Peronal fuel cell powers gadgets with water

A Singapore-based company has launched a portable fuel cell that can power gadgets using only water.

Horizon Fuel Cell Technologies claims its MiniPak can provide as much power as 1,000 disposable AA alkaline batteries over the lifetime of a single refillable cartridge.

The MiniPak delivers 1.5 to 2W of continuous power via a standard USB port, and uses refillable fuel cartridges to store up to 12Wh of net energy.

It can charge small portable devices such as cellphones, MP3/MP4 players and GPS, and also free up USB applications normally connected powered by PCs.

It’s a bit of a stealth product, says founder and chief marketing officer Taras Wankewycz, as the company started developing its fuel cell technology for the toy market.

“Few have realized the implications of these first products. They have in fact enabled Horizon to become the world’s largest volume producer of micro-fuel cells, and placed the company in a prime position to begin mass-commercialization into other new markets, including portable electronics,” he says.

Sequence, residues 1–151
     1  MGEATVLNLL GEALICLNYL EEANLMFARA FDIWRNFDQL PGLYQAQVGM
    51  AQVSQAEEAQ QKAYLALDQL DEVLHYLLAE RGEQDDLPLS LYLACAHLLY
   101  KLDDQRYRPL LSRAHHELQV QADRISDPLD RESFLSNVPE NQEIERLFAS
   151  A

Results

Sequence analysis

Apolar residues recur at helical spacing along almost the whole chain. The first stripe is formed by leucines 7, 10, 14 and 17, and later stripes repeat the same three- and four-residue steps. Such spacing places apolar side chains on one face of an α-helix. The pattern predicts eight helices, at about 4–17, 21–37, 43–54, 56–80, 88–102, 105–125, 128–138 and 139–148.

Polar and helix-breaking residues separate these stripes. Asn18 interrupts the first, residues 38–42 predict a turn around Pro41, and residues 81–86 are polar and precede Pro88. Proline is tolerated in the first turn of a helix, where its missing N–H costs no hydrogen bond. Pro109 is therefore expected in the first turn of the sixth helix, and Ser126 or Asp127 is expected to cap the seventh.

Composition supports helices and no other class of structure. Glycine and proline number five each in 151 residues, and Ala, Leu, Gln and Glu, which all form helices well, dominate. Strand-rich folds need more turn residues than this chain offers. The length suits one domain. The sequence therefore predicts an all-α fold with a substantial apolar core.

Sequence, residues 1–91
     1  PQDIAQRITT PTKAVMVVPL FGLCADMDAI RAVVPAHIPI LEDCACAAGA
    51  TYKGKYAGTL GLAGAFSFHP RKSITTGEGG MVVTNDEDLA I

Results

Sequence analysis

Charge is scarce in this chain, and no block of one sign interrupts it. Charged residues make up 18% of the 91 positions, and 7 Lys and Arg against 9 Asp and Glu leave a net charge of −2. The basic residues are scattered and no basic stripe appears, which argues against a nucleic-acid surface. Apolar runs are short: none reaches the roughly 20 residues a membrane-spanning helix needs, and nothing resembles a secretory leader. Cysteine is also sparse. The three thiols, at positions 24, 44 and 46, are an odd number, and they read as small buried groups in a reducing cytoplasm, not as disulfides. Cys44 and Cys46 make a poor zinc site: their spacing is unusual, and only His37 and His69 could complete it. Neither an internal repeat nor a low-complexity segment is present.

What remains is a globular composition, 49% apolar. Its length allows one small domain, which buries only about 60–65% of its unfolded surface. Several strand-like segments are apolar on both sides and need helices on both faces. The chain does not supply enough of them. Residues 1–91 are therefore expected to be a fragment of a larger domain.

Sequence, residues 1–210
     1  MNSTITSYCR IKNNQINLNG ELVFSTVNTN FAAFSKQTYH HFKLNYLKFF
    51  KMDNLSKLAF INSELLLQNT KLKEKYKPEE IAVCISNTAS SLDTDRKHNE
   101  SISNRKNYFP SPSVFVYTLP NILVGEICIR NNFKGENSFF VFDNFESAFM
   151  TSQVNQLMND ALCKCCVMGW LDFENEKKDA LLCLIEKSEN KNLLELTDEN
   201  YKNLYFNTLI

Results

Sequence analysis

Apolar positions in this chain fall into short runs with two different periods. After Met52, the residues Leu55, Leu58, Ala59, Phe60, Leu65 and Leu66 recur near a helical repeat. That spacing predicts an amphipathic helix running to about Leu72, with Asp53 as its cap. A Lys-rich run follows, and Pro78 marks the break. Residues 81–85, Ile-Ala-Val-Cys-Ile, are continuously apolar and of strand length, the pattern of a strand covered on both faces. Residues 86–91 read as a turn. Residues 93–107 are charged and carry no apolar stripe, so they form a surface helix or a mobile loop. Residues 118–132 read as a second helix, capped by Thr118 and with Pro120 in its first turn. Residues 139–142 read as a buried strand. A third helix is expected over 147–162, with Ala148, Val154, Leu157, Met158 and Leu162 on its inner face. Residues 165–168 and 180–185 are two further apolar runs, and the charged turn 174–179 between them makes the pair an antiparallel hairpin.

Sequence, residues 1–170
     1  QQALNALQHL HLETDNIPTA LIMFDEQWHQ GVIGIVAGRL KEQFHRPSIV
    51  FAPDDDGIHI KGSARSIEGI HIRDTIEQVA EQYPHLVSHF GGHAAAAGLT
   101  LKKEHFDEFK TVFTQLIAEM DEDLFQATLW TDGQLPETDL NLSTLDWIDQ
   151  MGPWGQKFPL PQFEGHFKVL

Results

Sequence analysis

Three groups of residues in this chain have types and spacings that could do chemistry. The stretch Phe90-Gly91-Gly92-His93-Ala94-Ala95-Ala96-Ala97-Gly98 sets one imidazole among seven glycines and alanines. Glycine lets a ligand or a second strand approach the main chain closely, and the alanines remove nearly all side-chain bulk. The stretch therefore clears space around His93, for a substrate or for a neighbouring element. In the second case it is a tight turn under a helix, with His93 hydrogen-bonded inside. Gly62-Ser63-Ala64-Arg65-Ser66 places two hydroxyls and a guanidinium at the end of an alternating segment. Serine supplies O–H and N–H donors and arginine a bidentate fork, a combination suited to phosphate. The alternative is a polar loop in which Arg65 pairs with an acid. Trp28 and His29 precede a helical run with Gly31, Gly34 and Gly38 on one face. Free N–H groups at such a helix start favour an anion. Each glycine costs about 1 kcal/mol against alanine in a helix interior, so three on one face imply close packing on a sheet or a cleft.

The Minipak is effectively a miniature power plant that produces electricity directly from hydrogen at the point of use.

It uses a combination of Horizon’s mass-produced PEM fuel cells and a new low-cost metal hydride storage solution, which stores hydrogen safely as a dry, non-toxic and non-pressurized material.

The fuel cartridge contains a metallic sponge that is able to absorb hydrogen and turn it into a solid hydride. It is then able to release it back to the fuel cell when needed.

The PEM fuel cell combines oxygen from the air with the stored hydrogen – electricity via its USB port and trace amounts of water vapor.

At the moment, the device costs $99, but the company reckons it can get this down to just $29 once it ramps up production. Extra fuel cartridges will cost much the same as disposable alkaline batteries, it says.

Several other products are under development, says Horizon, which is also scaling up the size of its solutions.